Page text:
Ballet Nacional de Cuba arrives with a celebrated take on ‘Don Quixote’
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American Ballet Theatre. Eifman Ballet of St. Petersburg. Hamburg Ballet. Miami City Ballet. The Royal Ballet.
These are some of the stellar ballet companies that have visited Chicago in recent years, and the procession continues May 18-20 at the Auditorium Theatre when the Ballet Nacional de Cuba (National Ballet of Cuba) returns for the first time in 15 years.
Ballet Nacional de Cuba — ‘Don Quixote’
When: 7:30 p.m. May 18 and 19; 3 p.m. May 20
Where: Auditorium Theatre, 50 E. Congress
The internationally renowned company, which is marking its 70th anniversary, will visit Chicago a little more than a week before it takes part in “Artes de Cuba: From the Island to the World,” a Cuban cultural festival at the Kennedy Center in Washington, D.C.
Indeed, when Tania Castroverde Moskalenko, the Auditorium Theatre’s chief executive officer, learned of the National Ballet’s Kennedy Center appearance, she worked to extend its American stay and bring the ensemble back to Chicago. “It was just an opportunity I felt I couldn’t pass up,” she said, “because I didn’t know when that was going to happen again.”
As a Cuban native who moved to the United States when she was 6, Moskalenko acknowledges a personal interest in the company, but she believes more broadly that cultural dialogue between the two nearby countries is important.
“It’s really exciting to see the art – music, dance and the visual arts – coming out of Cuba and to have that kind of exchange,” she said.
The National Ballet was co-founded by Alicia Alonso and originally named for the celebrated Cuban ballerina who is now 97 and continues to serve as general director. After the Cuban Revolution in 1959, the company took its current name and has received regular support of the government since.
According to Moskalenko, Alonso and the ballet troupe are highly familiar to both dance connoisseurs and everyday people in Cuba. “Everyone knows the company and dancers in the company much like here we would know sports stars,” she said. “It’s a different perspective in terms of the appreciation of the arts.”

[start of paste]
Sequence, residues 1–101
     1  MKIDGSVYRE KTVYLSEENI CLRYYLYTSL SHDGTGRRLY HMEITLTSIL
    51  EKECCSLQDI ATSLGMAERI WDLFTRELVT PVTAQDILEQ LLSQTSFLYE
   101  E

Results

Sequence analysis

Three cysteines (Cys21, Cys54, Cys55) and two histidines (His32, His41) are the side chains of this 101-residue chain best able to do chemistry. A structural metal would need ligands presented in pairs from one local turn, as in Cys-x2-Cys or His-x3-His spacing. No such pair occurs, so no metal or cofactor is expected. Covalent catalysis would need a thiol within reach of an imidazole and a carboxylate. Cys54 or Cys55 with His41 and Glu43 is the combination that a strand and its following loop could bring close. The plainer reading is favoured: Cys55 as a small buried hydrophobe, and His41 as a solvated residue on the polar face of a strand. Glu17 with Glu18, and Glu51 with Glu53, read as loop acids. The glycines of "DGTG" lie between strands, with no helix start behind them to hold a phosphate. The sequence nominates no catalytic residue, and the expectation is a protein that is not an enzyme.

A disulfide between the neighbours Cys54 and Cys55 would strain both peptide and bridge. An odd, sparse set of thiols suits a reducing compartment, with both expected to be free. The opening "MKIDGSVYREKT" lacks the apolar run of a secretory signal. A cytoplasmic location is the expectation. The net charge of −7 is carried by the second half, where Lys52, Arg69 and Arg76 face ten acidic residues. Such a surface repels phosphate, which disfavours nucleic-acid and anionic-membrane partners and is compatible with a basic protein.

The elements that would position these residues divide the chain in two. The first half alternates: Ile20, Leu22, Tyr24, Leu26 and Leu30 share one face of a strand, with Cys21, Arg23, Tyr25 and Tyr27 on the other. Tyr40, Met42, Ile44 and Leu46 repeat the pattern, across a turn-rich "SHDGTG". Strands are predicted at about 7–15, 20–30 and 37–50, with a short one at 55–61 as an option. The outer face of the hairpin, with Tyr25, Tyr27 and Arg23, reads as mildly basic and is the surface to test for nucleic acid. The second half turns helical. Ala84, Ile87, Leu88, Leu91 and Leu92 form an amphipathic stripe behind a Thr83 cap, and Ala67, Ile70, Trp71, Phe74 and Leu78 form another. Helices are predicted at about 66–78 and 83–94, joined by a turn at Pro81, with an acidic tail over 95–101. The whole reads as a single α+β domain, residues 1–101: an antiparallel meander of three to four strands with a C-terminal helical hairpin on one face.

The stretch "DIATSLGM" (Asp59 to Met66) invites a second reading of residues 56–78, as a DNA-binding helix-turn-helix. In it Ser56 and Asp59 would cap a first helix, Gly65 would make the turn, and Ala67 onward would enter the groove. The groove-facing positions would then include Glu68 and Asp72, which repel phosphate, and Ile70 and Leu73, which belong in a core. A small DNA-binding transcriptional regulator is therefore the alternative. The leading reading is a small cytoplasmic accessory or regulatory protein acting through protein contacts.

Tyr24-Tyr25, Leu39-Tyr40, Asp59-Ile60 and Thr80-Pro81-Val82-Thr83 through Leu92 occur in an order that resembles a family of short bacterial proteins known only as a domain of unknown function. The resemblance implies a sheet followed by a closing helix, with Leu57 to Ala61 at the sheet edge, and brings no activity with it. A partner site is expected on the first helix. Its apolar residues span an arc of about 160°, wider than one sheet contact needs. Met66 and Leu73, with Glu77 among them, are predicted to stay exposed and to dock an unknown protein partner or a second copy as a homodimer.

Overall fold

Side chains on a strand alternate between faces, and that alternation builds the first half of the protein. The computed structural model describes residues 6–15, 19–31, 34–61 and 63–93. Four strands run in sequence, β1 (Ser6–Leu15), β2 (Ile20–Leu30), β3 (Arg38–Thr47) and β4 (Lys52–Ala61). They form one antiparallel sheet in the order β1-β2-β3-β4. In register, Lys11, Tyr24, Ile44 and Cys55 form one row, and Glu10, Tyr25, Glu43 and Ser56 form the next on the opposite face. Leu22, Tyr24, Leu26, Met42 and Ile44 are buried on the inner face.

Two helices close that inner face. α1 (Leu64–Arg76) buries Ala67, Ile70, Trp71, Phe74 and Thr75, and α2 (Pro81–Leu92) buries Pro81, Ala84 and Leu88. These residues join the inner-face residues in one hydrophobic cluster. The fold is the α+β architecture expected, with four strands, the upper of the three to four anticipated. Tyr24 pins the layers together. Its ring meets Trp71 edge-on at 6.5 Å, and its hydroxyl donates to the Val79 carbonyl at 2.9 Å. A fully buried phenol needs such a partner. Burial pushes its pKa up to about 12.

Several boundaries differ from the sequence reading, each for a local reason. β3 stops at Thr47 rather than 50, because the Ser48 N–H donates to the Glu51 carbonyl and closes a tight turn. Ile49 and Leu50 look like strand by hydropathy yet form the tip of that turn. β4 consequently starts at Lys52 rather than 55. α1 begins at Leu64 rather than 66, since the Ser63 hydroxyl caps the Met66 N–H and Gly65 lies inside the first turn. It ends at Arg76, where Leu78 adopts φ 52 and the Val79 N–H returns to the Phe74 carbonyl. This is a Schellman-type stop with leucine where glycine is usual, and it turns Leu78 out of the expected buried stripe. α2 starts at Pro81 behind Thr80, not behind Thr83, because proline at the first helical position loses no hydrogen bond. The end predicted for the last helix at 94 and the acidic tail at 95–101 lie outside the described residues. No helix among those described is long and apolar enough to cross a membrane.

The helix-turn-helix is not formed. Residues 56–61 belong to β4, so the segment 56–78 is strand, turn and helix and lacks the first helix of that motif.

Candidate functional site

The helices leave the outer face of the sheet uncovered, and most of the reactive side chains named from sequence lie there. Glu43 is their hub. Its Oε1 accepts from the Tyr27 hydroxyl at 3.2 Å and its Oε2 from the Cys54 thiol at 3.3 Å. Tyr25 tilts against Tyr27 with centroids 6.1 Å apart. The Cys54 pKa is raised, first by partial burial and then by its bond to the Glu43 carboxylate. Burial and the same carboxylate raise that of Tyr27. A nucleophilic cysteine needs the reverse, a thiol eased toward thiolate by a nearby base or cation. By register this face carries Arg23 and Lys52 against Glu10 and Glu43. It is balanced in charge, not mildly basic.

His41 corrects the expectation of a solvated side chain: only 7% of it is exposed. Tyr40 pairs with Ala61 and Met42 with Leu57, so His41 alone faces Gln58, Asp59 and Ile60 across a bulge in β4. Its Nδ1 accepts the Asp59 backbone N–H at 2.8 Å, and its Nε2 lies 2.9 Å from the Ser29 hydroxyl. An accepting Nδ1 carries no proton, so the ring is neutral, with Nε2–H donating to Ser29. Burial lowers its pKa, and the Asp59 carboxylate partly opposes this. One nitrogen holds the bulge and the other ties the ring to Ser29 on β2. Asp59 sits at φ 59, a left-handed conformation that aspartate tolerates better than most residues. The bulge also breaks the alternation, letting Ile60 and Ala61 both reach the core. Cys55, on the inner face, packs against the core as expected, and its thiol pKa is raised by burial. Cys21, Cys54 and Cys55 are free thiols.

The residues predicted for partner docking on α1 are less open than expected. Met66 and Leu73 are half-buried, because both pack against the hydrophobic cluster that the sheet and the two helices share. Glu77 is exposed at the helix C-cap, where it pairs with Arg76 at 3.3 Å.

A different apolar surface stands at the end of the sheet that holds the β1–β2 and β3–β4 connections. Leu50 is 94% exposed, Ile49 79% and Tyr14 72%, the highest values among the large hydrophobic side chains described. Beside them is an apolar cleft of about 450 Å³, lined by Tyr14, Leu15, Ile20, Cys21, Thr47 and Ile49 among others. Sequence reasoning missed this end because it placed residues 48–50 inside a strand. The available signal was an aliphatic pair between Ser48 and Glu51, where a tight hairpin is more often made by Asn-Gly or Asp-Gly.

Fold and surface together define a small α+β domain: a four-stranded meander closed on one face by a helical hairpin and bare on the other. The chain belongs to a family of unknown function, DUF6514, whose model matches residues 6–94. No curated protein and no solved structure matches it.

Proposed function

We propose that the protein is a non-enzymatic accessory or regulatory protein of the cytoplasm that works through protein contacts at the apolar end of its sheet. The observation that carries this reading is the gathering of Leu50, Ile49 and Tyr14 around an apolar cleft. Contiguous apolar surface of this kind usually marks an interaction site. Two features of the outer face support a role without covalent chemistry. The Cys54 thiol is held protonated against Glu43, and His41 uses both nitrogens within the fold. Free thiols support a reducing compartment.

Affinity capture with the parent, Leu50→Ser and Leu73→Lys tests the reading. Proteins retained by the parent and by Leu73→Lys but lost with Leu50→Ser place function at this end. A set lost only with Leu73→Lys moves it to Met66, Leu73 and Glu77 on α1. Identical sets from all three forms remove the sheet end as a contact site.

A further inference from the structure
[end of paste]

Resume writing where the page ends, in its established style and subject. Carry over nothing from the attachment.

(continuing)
Although the dancers are rigorously trained in classical ballet and perform classics like “Giselle,” the National Ballet has a distinctively Cuban flavor. “Our dancers,” Alonso said via e-mail, “have a very particular and distinctive way – it has been said a certain sensuality – in interpreting the music and expressing the movement.”
And, indeed, Moskalenko contemplated presenting the company’s version of “Giselle,” but decided against it because the Joffrey Ballet just performed the work in the fall. Instead, she opted for “Don Quixote,” Alonso’s 1988 adaption of the celebrated 17th-century Spanish novel by Miguel de Cervantes.
Like most traditional versions of “Don Quixote” that draw on Marius Petipa’s celebrated setting for the Bolshoi Ballet in 1869, Alonso kept many recognizable aspects of his choreography while updating it in certain ways and adding some touches of her own.
“We have taken much care that the Spanish folkloric tunes present in the music belong to the dance style in which they are interpreted,” Alonso said. “We use an updated technical language related to the current development of the academic technique.”
The ballet focuses on the beautiful Kitri, who has fallen in love with the local barber, Basilio. She refuses to accede to a marriage her father has arranged for her with Camacho, a nobleman. Mistaking Kitri for his beloved Dulcinea, Don Quixote, an errant knight, and his loyal squire, Sancho Panza, intervene and help the young lovers escape to a gypsy encampment amid a field of windmills.
Because of the story’s ties to Cuba’s centuries-old Hispanic history, she also strived to be more faithful to Cervantes’ original portrayal of Don Quixote. “We did not want to betray our cultural roots,” Alonso said. “The versions we knew were not generally very respectful to the Don Quixote character, because they mistook his idealism and romantic concepts of justice for caricature and an incorrect sense of humor.”
Providing added appeal to the Auditorium Theatre’s presentation, Moskalenko said, will be live performances of Leon Minkus’ well-known score by the Chicago Philharmonic, which also serves as the pit orchestra for the Joffrey Ballet.
“It’s a big step for the Auditorium Theatre to bring live music back to our big ballet presentations,” she said.
Among the 54 dancers traveling with the National Ballet to Chicago is Viengsay Valdés, who joined the company when she was 17 and was named a prima ballerina in 2001. She has been a guest performer with other top companies and has appeared at international ballet showcases in cities such as Budapest, Paris and Tokyo.
She is particularly acclaimed for the role of Kitri, one of the young lovers in “Don Quixote,” and she has danced it many times with the National Ballet and other major troupes such as the Washington (D.C.) Ballet.
“It’s one of my favorite roles,” Valdés said. “I do enjoy it.”
Kyle MacMillan is a local freelance writer.